NOTE: I first wrote this article in 1993 when I became intrigued with the complexity of the music licensing system, and to help educate those who are affected by ASCAP, BMI and SESAC. I have been tinkering with it ever since trying to keep it more up-to-date, since I want to help shed some light on a complicated situation that has a large impact on musicians, music listeners and public places where music happens. My experience is that musicians, venues and the general public know almost nothing of this system that has a great deal of influence in the music business, and involves nearly a billion dollars annually. These organizations exist by a strange set of legal circumstances, and are very little understood or regulated, yet they have a wide influence and control a lot of money in the modern music industry and in hundreds of thousands of places of business. A number of publications declined to publish this, not wishing to stir up too much trouble. There have been many edits and updates since it was written, and one of these days I hope to seriously research and update it or encourage a professional journalist to dig into it... I welcome your input to update this information if you find something incorrect. My only intent is to explain what I understand to be the way the system works, though my own opinion that we could design a better system no doubt creeps in.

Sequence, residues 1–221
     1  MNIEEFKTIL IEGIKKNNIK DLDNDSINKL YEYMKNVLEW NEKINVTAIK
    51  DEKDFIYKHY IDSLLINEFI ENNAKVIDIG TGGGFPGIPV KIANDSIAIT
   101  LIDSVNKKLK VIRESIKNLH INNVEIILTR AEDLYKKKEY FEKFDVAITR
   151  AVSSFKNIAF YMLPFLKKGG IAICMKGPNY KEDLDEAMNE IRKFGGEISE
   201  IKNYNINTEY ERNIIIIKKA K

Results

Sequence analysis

Like John Fries stated. This authors books are mainly about business or commercial writing, nonfiction. He has published many more books that are more specialized & more in depth about topic. Most topics are about copy writing & effectiveness.
This Study Guide addresses the topic of essay writing
A number of issues that that need clarifying have arisen since this was written, and could use the services of a skilled journalist or investigator to look into. These include whatever changes have been made by insiders to ASCAP and BMI charters and bylaws, the emergence of SESAC as a larger player in this game, the complex issues of licensing Karaoke, games, podcasts, satellite, cable and internet music, as well as other changes involving the use of internet, television and video in public businesses. To the best of my knowledge, the basic system of licensing is still in place, and the explanation of its details is still accurate, and I would venture a guess that size of the "licensing empires" and the total dollar amounts of licensing money have gone much higher than the old numbers I give here.